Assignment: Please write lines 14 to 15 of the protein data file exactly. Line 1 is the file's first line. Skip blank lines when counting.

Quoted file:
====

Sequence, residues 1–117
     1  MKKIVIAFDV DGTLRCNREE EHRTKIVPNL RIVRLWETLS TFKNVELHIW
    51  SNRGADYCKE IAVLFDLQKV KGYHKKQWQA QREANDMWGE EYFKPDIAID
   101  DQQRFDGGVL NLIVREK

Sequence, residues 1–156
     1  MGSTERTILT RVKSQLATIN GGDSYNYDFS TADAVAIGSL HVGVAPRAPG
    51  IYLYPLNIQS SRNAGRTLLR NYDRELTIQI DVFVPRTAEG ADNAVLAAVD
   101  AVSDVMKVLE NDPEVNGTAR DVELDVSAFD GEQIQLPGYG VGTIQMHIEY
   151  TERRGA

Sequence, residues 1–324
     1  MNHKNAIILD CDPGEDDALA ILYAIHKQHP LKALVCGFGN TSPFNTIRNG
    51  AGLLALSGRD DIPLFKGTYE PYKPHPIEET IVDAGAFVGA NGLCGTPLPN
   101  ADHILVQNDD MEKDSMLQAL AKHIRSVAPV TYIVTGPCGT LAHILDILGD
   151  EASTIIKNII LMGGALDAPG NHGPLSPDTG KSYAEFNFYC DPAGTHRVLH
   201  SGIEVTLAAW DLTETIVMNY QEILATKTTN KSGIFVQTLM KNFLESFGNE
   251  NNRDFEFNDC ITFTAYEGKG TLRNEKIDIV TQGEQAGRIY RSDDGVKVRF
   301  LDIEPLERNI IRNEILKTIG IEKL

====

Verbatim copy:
   151  EASTIIKNII LMGGALDAPG NHGPLSPDTG KSYAEFNFYC DPAGTHRVLH
   201  SGIEVTLAAW DLTETIVMNY QEILATKTTN KSGIFVQTLM KNFLESFGNE